pollinator
Posts: 2016
Location: Cincinnati, Ohio,Price Hill 45205
68
forest garden trees urban
  • Likes 1
  • Mark post as helpful
  • send pies
  • Quote
  • Report post to moderator
A container could really benefit from being completly protected from direct sun and precipitation.

Imagine a roof deck covered with a hoop house, with lean-too greenhouses on the north and south sides of the building.

A single larger hoop house could encompass everything,but would require bigger components, and offer less zone control.

Greenhouse plastic during the cold months, switched to shade cloth during the warm months.
Or maybe leave the plastic up but cover with something opaque or reflective.

Deciduous vines and trees might be an adequate zero work shade solution.

Humidity might be alleviated by a SHCS (subterranean heating and cooling system).
It blows the warm wet air from the peak of a green house  through burried perforated black pipes.
The water vapor condenses and soaks into the surrounding earth and in doing   so removes a great deal  of heat from the air,storing it in the soil.
It's a relatively  low tempature,high humidity, forced air version of a rocket mass heater's bench

These systems can  be installed under the structures they serve or under a nearby stretch of  land or both.
It could be built into raised beds.
Like a rocket stove mass, they benefit from decoupling the heated soil from the rest of the earth


Though I've never seen it done, this system could be used to store  heat from a rocket stove or conventional woodstove,or even a clothes dryer.

 
pollinator
Posts: 1454
Location: northern California
64
  • Likes 3
  • Mark post as helpful
  • send pies
  • Quote
  • Report post to moderator
The ultimate cheap greenhouse, which I built two or three of on different homesteads in Georgia, cost me nothing but a few staples, a bit of tape, and a couple of hours' worth of burning a candle.
      The frame was green saplings, wire-tied to metal stakes pounded into the ground, and bent to overlap one another as arches overhead....8 or 10 feet tall, and wired together, along with several horizontal poles.
      The cover was two layers of plastic, made of mattress and furniture bags from the mattress and furniture store dumpsters.  These goods are shipped in huge plastic bags, which can be cut open into large square or rectangular pieces.  These can be "welded" together by folding the edges of two pieces together and passing them through a candle flame, thus making any size plastic desired.  Small holes can be patched with clear plastic packing tape.  Two such pieces were put up over the frame and weighed down with logs on either side, and some excess at one end gathered together and tucked into the frame and weighed down in cold, or opened up on a warm day, with the other end stapled to the door of the cabin, or in one case the opening of a large wall tent. Some scrounged baler twine going from log to log over the top of the plastic helped keep it tight and less likely to be thrashed in a wind.  By pulling the plastic down in warm weather and folding it up out of the sun, I could get two or sometimes three winters' use out of it.  Not only did I start many seedlings and winter potted plants on benches inside of this, but I could grow larger plants right in the ground.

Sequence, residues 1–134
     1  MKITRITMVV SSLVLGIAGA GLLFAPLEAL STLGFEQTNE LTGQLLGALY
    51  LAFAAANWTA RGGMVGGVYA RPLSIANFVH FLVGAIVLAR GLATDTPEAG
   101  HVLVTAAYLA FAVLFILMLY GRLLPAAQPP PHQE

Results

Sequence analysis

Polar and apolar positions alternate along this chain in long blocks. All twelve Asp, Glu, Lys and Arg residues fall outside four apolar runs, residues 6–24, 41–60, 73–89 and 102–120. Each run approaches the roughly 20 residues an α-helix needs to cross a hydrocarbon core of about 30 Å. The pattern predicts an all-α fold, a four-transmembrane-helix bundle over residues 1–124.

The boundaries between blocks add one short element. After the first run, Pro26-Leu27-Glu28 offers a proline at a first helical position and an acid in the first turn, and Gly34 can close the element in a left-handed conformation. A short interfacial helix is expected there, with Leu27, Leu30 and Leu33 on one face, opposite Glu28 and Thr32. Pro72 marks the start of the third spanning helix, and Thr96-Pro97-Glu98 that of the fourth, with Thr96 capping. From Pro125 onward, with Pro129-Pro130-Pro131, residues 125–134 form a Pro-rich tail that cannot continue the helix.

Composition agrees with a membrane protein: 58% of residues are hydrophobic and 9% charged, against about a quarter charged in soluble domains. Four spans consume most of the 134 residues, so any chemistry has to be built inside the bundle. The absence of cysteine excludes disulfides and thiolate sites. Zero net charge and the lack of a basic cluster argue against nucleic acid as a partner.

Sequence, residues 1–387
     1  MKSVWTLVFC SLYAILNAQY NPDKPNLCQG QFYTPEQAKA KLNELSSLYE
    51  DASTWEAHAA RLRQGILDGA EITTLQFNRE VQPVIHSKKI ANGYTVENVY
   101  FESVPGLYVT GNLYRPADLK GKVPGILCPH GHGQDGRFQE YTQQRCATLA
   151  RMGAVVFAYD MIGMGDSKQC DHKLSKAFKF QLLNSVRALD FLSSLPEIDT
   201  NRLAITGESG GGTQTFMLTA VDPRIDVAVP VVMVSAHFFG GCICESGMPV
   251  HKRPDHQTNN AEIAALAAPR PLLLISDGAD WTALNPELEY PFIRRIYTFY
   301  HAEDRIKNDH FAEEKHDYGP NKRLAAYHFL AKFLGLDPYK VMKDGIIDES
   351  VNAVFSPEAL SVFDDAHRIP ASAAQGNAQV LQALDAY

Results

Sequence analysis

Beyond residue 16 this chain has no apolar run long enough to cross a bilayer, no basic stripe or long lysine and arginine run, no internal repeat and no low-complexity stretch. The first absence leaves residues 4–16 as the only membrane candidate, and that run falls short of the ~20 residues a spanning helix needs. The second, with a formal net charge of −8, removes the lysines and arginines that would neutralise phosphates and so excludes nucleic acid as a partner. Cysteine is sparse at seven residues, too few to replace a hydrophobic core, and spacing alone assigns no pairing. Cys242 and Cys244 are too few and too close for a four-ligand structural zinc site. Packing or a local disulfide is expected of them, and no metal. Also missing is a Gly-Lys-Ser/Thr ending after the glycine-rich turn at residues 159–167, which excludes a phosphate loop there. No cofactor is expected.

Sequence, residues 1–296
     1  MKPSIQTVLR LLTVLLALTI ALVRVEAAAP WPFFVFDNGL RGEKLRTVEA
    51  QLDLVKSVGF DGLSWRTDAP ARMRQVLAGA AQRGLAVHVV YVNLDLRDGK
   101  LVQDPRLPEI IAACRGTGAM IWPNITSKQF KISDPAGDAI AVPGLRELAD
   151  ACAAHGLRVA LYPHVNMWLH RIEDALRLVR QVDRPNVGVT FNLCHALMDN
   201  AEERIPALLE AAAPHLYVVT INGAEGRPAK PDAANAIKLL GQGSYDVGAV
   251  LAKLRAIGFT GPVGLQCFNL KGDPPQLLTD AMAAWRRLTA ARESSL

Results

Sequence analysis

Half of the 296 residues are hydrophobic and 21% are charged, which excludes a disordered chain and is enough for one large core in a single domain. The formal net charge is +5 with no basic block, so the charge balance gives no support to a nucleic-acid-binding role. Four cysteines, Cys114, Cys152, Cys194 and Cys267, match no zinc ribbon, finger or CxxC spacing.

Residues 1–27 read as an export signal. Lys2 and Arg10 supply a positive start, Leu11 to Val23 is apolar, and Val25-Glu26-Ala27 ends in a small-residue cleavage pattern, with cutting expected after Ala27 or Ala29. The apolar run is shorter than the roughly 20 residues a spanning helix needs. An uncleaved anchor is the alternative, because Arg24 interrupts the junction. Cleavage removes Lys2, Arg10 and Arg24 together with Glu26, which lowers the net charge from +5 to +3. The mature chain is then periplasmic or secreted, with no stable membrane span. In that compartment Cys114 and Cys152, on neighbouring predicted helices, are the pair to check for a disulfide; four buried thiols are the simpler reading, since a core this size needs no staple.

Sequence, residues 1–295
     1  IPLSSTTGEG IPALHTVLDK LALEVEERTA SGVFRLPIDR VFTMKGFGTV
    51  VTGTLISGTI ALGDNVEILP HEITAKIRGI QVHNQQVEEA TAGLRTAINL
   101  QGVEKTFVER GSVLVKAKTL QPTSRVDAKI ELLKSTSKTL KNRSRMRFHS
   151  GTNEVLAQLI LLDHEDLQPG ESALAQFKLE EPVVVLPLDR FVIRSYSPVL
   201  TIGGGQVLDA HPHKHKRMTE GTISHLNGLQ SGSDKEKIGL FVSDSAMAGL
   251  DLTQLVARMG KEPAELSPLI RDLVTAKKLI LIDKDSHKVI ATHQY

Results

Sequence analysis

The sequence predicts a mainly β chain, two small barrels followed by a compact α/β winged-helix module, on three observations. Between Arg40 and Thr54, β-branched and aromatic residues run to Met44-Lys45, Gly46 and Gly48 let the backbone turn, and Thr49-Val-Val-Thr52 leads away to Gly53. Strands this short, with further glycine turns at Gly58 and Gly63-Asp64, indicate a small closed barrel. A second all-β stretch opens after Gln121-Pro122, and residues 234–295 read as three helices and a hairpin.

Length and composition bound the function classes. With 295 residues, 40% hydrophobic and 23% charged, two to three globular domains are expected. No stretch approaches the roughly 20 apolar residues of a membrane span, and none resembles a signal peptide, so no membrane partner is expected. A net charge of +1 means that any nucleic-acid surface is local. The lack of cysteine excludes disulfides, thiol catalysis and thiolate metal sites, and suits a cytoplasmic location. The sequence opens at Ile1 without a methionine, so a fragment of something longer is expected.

William Bronson
pollinator
Posts: 2016
Location: Cincinnati, Ohio,Price Hill 45205
68
forest garden trees urban
  • Likes 1
  • Mark post as helpful
  • send pies
  • Quote
  • Report post to moderator
A container could really benefit from being completly protected from direct sun and precipitation.

Imagine a roof deck covered with a hoop house, with lean-too greenhouses on the north and south sides of the building.

A single larger hoop house could encompass everything,but would require bigger components, and offer less zone control.

Greenhouse plastic during the cold months, switched to shade cloth during the warm months.
Or maybe leave the plastic up but cover with something opaque or reflective.

Deciduous vines and trees might be an adequate zero work shade solution.

Humidity might be alleviated by a SHCS (subterranean heating and cooling system).
It blows the warm wet air from the peak of a green house  through burried perforated black pipes.
The water vapor condenses and soaks into the surrounding earth and in doing   so removes a great deal  of heat from the air,storing it in the soil.
It's a relatively  low tempature,high humidity, forced air version of a rocket mass heater's bench

These systems can  be installed under the structures they serve or under a nearby stretch of  land or both.
It could be built into raised beds.
Like a rocket stove mass, they benefit from decoupling the heated soil from the rest of the earth


Though I've never seen it done, this system could be used to store  heat from a rocket stove or conventional woodstove,or even a clothes dryer.

 
Opportunity is missed by most people because it is dressed in overalls and looks like work - Edison. Tiny ad:
Food Forest Card Game - Game Forum
https://permies.com/t/61704/Food-Forest-Card-Game-Game
  • Post Reply Bookmark Topic Watch Topic
  • New Topic
Boost this thread!